Here on the island of Cozumel we have a lot of activities, but few are as exciting as the Ironman competitions. Today we held the Ironman 70.3, which meant that thousands of spectators were able to watch the absolute best examples of athleticism. There is, however, another side to Ironman, which includes some of the best examples of another kind, the volunteers who work behind the scenes. This expat was given the privilege of joining that group today and I thought I’d give you a personal perspective and include a few pics.
But, before I get started with the inside scoop, let me give you a bit of information about this competition just in case you are not familiar with the details. “An Ironman 70.3, also known as a Half Ironman, is one of a series of long distance triathlon races organized by the World Triathlon Corporation (WTC). The “70.3” refers to the total distance in miles (113.0 km) covered in the race, consisting of a 1.2-mile (1.9 km) swim, a 56-mile (90 km) bike ride, and a 13.1-mile (21.1 km) run. Each distance of the swim, bike, and run segments is half the distance of that segment in an Ironman triathlon.” (Wikipedia) As you can see from that definition, thanks to Wikipedia, this is serious business and these athletes train for months (and, often, much, much longer) to prepare. And Cozumel, out of respect for their efforts, makes sure that each and every athlete is met at the finish line with whatever may be needed. This is where the group of volunteers I was with came into play.
The call for volunteers came out several weeks ago and then the assignments were determined. I was put with the group that would work both at the finish line and in the medical tent. So, at 9:00 a.m. I packed up my camera, tried to stuff everything I’d need otherwise into my pockets, and then walked down to the Palacio Municipal, which is where they were both located. I wanted to get there early so I could take pictures. For good reasons, there are no photos taken of athletes if they need medical assistance, so I focused on the other volunteers while everyone was setting up. And, let me say here, thanks to all of you volunteers for taking the time to stop and let me snap your photos in the midst of all the chaos.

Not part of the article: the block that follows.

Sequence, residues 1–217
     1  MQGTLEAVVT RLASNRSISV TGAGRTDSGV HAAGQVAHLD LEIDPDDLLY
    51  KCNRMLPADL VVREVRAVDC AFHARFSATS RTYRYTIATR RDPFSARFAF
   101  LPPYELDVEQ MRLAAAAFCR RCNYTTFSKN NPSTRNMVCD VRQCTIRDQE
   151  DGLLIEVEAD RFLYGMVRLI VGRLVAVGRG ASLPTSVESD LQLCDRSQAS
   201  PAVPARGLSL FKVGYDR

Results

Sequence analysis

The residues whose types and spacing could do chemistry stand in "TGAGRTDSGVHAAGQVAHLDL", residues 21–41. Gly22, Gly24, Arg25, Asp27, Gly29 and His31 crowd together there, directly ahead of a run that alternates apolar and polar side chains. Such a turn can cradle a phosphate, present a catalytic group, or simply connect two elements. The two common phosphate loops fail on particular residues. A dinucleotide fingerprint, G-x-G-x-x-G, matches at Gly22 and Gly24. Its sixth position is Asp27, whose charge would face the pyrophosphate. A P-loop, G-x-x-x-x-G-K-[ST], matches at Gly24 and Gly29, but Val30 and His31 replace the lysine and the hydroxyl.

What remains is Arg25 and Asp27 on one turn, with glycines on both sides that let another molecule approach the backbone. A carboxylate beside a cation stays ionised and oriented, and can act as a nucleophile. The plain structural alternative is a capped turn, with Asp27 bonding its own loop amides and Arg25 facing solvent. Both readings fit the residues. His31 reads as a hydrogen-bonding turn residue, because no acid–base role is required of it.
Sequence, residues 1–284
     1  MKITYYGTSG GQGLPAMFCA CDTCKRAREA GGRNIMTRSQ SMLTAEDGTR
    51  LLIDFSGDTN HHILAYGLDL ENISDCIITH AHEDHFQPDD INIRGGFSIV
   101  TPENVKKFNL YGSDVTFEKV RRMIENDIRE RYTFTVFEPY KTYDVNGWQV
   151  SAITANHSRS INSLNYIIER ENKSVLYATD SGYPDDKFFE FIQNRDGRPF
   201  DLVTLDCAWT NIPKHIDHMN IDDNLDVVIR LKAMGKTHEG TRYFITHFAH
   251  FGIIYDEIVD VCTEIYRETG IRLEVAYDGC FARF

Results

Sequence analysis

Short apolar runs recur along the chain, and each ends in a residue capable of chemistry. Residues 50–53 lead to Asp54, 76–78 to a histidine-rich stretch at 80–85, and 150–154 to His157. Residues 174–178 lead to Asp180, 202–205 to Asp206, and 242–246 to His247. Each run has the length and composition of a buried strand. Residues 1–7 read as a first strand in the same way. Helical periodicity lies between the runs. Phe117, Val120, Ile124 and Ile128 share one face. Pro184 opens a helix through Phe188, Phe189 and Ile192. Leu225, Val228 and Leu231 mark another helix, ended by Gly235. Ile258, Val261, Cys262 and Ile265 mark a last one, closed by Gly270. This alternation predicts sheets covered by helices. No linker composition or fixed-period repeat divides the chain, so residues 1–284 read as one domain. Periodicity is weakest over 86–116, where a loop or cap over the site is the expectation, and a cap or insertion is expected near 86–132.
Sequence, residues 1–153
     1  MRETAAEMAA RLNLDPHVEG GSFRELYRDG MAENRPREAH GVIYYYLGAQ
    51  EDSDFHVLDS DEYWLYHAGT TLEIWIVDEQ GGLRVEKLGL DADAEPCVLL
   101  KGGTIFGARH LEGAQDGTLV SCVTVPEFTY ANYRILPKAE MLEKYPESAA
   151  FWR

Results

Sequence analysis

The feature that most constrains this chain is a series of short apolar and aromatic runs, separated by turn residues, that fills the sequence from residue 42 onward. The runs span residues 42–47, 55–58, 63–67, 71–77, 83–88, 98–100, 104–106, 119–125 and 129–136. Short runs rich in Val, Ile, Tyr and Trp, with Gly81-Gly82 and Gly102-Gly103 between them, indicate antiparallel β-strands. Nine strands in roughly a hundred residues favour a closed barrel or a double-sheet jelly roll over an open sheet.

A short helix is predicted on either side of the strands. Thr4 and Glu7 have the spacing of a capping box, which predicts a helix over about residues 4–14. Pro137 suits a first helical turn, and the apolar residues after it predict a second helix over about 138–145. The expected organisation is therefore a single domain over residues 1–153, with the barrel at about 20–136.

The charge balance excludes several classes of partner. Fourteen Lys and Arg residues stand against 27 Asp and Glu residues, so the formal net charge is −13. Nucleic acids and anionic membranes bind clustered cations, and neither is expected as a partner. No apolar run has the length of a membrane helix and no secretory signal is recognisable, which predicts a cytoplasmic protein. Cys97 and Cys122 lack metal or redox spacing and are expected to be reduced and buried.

Yes, there is a bit of chaos before the event. Medical supplies of all kinds had to be brought into the tent and set up for later use. In addition to that, we needed cots, blankets, coolers filled with ice, water, and Gatorade, t-shirts for the volunteers, chairs, name tags, clipboards, if you can think of it, we probably had it. In addition to those things, we had the people waiting to do their part, which included doctors, nurses, paramedics, massage therapists, security men, you name it, we had them too. There was a lot of mulling around for brief periods of time while those with experience showed the rest of us what to do. If you can picture several dozen folks with several dozen tasks you will understand. But, there was a method to the madness and, somehow, it all came to make sense.
Once everything was setup, it was time for some further information and we stepped out of the tent to receive our instructions. Now, to be quite honest, since I can only talk about my experience, I have to admit something. An important question was asked early on during the briefing and that was “okay, who can’t handle vomit?” This expat had to hold up her hand (and with no embarrassment, I know my limits) and I was immediately put into the group that would escort the athletes from the finish line to either the medical tent, or the recovery area. Then, a bit later, the group I was placed with received further instructions.